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My Favorite Car: Al Unser Jr.

Note: This is the last of an IMS.com series of interviews with Indianapolis 500 legends about the favorite car they drove in “The Greatest Spectacle in Racing” and why, in their words. Read other installments of "My Favorite Car" here.

Q: What was your favorite car you drove in the Indianapolis 500?

Al Unser Jr.: I’ve been thinking about this for a while. I don’t particularly have one favorite. I loved developing race cars. I loved developing the Indy car. So, in ’83, I had the only ’83 Eagle in the race. Had I known what I was doing, that car would have won the race. It was fast. But I didn’t know what I was doing.

Q: But of all the cars you drove, if someone said, “You must win the race this year,” what’s the car you would want under you?

AUJ: Well, that’s not fair because that’s just automatically the ’94 because it had 200 more horsepower than anyone else in the race. All I had to do was race my teammates.

Q: Yeah, that’s true. That’s a good point.

AUJ: The Indy car that I drove that was the most trick was the Penske 27, and it never saw the Indianapolis Motor Speedway because it was during The Split. That was John Travis, the head designer after Nigel Bennett at Penske. He came in, and it had the high nose on the front of it. What was trick about that car was the gearbox. Simply put, it was the gearbox. When they were warming up the engine, the oil in the engine ran through veins in the aluminum cast of the gearbox. So, when you’re warming up the engine, you’re warming up the gearbox at the same time. Then they took the gear cluster and they put it direct drive with the crank. They moved the gear cluster down to get the CG (center of gravity) as low as possible in the gearbox. All gearboxes are gear-reducted. The crank comes to a shaft, and the gear cluster sits above that shaft and some gear reduction slowing the gear cluster down from the crank. Except in the PC-27. That car, it drove great. It was a fantastic car. The reason why it didn’t win any races was because you had the Ilmor Mercedes, which was down 200 horsepower from the Honda and the Cosworth of that era. And we were on Goodyear tires, which were down from the Firestones in that era. The John Travis car, the PC-27, and I think there was a PC-27B, that was the trickest car. I had to get used to shifting it. I went through three or four gear clusters. It took me two or three tests to figure out how to shift it because it was direct drive with the crank. The wheel speed was the same as the crank, so you had to match it. When you’ve got the gear-reductive cluster, you can come close with the engine and the wheels, and you’re in. But once I figured out how to shift that thing, I only used three fingers. I didn’t have to grab a hold of the shifter at all. Once I figured it out, it was lovely. The ’92 winner, me and my teammate, Danny Sullivan, we were the only ones with the Galmer. We were developing the Galmer. That was cool. That in itself makes it special. And then in ’94, it was the Penske. This was a brand-new car from the year before. That car was quick everywhere. At Indy, the 209 (pushrod engine) made it super special, but we unloaded anywhere during that year, and we were the ones to beat. I won eight races out of 16. I batted .500 that year. The team won 12 out of 16. So, that car was a dynamite car.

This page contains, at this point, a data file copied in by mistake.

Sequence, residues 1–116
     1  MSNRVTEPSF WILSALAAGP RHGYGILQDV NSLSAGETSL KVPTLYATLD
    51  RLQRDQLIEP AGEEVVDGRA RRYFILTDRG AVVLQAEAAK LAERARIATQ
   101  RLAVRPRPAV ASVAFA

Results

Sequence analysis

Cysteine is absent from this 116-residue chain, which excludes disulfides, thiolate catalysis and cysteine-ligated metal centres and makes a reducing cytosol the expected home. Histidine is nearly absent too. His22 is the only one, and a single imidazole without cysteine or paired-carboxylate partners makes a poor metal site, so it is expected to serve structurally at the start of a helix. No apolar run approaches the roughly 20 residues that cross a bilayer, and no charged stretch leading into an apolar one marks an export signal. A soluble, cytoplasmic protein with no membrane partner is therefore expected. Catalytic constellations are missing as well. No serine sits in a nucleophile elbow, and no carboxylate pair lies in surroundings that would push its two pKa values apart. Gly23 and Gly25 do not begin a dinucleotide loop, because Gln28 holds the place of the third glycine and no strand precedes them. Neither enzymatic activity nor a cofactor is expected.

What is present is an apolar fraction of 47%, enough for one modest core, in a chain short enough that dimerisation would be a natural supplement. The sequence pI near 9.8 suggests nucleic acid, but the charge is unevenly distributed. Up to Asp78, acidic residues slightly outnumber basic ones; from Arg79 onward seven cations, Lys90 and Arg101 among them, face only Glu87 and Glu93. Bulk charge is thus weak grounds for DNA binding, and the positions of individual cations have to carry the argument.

Q: The quality of that chassis sometimes gets lost in all of the talk about the Mercedes-Benz “Beast” engine at Indy, doesn’t it?

AUJ: It does. When I joined Penske Racing, the first time I drove the ’94, wow, it just glued to the track. Everything about the car, the suspension, the aero, the shocks – it had super grip everywhere. Willy T. (Ribbs) and I are good friends. He talks to me about a practice session in the rain at Portland in ‘94. He said I passed him and pulled away from him, and he swore to God I had traction control. That’s the only way I could have that much grip in the rain. That car never had that. I kept telling him, “Willy, that was my right foot.” It was the car. The car just handled so well. That’s why I was having trouble coming up with a particular car for the Speedway. Even with ’92 with the winning cars. Then I jumped to ’89, which was the Lola against Emerson (Fittipaldi). That was the cream. I had the best car of the race. I just never showed it until the end. When we caught that traffic in Turn 2 and destroyed all my momentum, he’s got a run on me, and when I moved out to pass a car, Emerson actually passed me because he had that run. And from the second half of the straightaway down into Turn 3, I actually pulled him. So, I went: “All right. Now I’ve got a hot rod.” That car was fast, super fast. But then I lost the race. I consider ’89 as my best drive of the “500.” As a team, we did everything perfect. If that last yellow hadn’t come out, we were going to win that thing unchallenged. Emerson had one stop he had to make. I was going to cruise to victory.